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Ontario offers employers free naloxone kits, training as it fights opioid epidemic

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December 14, 2022
By Talent Canada


A hand holding a Narcan Evzio Naloxone nasal spray opioid drug overdose prevention medication. Photo: Adobe Stock

Ontario is offering employers free naloxone kits, and the training for workers to use them, in an effort to combat opioid overdoses.

In 2021, 2,819 people died from opioid-related causes in Ontario — the highest number on record and up from 366 in 2003, the province said. Naloxone is a life-saving medication that can temporarily reverse an opioid overdose, restore breathing within two to five minutes, and allow time for medical help to arrive.

“I know only a small minority of opioid related deaths occur in workplaces, but I’ll be damned if we don’t do our part in helping save lives,” said Monte McNaughton, Minister of Labour, Immigration, Training and Skills Development.

“We’re past the point of talking. We need all hands on deck to end the stigma surrounding opioid overdoses and dependency so we can save lives,” he said at a downtown Toronto bar.

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Ontario, like the rest of Canada, is in the middle of an opioid epidemic made worse by a toxic supply of recreational street drugs, he said.

Mandatory by June 1 for high-risk workplaces

McNaughton said the province is requiring naloxone kits to be accessible in at-risk workplaces by June 1, 2023. The move will help “raise awareness for those struggling with addition, reduce stigma and save lives,” he said.

Of the workers who died from opioid-related causes last year, 30 per cent were employed in construction – by far the most impacted industry.

Bars and nightclubs have also seen increased opioid usage and accidental overdoses, often because of recreational drugs laced with deadly opioids such as fentanyl and carfentanil.

High-risk workplaces also includes employers who become aware, or ought reasonably to be aware, that there may be a risk of opioid overdoses in their workplace. That includes, for example, if a worker discloses an opioid use issue, if needles or other opioid paraphernalia are found at the workplace or any information that would lead them to “reasonably conclude there is a risk of overdose in the workplace,” the province said.

Employers must have naloxone and training if they become aware that a worker could overdose on opioids, that they could overdose while on the job, and that the risk is posed by a worker of the employer. If only one of those scenarios applies, the employer is not required to comply.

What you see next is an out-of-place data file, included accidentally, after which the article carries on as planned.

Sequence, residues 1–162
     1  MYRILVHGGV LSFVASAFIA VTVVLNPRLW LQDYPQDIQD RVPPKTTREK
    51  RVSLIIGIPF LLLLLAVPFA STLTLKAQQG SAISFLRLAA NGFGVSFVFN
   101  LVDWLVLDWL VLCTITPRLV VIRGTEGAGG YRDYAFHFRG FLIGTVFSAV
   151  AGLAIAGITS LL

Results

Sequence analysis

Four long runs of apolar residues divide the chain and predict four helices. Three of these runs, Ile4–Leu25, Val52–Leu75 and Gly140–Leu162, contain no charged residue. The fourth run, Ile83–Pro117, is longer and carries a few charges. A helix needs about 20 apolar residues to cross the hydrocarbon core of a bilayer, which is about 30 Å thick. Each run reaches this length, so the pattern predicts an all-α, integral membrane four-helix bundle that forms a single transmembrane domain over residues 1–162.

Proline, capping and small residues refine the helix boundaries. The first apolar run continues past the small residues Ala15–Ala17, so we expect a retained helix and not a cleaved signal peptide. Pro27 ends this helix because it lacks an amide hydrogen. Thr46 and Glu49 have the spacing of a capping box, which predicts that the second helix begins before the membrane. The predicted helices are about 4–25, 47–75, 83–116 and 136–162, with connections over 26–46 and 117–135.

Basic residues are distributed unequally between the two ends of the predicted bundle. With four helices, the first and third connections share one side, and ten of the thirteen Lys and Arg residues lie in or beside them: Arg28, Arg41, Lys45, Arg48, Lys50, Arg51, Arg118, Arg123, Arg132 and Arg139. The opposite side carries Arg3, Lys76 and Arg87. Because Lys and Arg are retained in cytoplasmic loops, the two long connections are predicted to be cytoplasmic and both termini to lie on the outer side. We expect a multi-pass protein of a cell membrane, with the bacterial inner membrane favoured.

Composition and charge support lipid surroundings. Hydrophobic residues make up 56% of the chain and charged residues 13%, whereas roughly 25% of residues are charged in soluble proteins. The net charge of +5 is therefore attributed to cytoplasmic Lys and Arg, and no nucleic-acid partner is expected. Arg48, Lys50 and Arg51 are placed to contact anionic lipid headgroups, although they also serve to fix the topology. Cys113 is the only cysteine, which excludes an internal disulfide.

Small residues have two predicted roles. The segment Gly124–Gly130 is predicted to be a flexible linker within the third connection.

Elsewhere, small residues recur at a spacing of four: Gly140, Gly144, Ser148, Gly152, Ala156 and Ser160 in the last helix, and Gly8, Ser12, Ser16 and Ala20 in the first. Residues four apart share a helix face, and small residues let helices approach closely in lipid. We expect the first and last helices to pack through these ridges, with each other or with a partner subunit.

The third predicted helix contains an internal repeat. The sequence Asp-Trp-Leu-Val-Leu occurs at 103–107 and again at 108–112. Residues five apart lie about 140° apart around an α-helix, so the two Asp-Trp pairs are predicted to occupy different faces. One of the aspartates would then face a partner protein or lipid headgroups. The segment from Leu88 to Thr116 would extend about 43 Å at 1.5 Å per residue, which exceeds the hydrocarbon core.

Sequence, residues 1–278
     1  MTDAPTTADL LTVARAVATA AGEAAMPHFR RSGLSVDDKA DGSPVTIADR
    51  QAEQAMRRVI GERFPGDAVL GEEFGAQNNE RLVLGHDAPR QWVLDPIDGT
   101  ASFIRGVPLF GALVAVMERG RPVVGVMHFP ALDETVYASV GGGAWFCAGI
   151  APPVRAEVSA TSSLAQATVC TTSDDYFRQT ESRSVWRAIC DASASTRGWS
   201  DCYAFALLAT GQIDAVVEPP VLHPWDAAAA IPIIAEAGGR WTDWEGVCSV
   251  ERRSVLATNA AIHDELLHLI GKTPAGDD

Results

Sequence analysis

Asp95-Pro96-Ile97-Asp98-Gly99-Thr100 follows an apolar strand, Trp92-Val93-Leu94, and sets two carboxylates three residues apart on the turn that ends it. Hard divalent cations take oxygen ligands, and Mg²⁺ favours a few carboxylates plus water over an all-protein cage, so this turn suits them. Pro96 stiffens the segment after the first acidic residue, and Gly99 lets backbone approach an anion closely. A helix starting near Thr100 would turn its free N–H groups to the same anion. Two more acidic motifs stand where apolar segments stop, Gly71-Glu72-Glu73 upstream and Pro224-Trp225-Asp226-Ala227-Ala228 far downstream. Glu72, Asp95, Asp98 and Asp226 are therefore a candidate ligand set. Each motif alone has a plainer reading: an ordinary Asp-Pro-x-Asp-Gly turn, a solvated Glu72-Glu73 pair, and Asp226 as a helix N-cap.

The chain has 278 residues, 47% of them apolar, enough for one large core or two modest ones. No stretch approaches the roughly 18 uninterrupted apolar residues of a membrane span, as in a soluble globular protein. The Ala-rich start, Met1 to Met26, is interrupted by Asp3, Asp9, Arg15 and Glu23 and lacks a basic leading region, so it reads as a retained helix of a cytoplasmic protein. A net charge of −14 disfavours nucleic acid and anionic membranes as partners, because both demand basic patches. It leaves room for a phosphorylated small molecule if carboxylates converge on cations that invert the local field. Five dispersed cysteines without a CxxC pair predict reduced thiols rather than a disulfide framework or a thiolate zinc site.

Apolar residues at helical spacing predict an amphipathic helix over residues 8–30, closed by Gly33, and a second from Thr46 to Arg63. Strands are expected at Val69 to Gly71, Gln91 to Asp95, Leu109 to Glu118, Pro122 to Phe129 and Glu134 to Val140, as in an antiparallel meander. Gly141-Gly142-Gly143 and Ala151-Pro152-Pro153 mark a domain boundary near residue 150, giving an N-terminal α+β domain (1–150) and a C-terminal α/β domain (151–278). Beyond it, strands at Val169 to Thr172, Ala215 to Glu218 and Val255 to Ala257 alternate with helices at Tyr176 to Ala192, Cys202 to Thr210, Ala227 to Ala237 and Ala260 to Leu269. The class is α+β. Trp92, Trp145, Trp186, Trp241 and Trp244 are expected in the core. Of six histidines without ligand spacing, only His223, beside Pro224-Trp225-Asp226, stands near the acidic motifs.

“Our new Workplace Naloxone Program, as part of our Narcotic Transition Services, will save lives,” said Michael Tibollo, Associate Minister of Mental Health and Addictions. “Everyone in Ontario deserves access to these kits, and this innovative program will bring a new level of safety to our province’s workplaces.”

Free supplies, training for up to two years

For up to two years, Ontario will provide free nasal spray naloxone kits to businesses at risk of opioid overdoses through the Workplace Naloxone Program and free training needed to equip staff with the tools to respond to an opioid overdose.

Businesses can determine if they are eligible for the program and find additional information on accessing naloxone kits and training at Ontario.ca/workplacenaloxone. Once the requirement is in effect, Ministry of Labour, Immigration, Training and Skills Development’s inspectors will take an education-first approach to enforcement.

Drug saves lives: Paralympian

Paul Rosen, a Paralympian and motivational speaker, said naloxone saves lives.

“I should know, it saved my life and has saves the lives of people close to me,” said Rosen.

“I won a gold medal as the goalie for Team Canada’s national sledge hockey team at the 2006 Paralympic Games in Torino and live in addiction recovery from decades of legal prescriptions to opioids from injuries at the highest level of international competition.”

Hanif Harji, the CEO of Scale Hospitality, said they are committed to “supporting employers with the costs associated with training and kits and supporting workers with access to high-quality training that will equip them to safely respond to an opioid overdose.”

First-of-its-kind program

The province said its naloxone program is the first of its kind by any government in North America. For more information, visit Ontario.ca/workplacenaloxone.

with files from the Canadian Press


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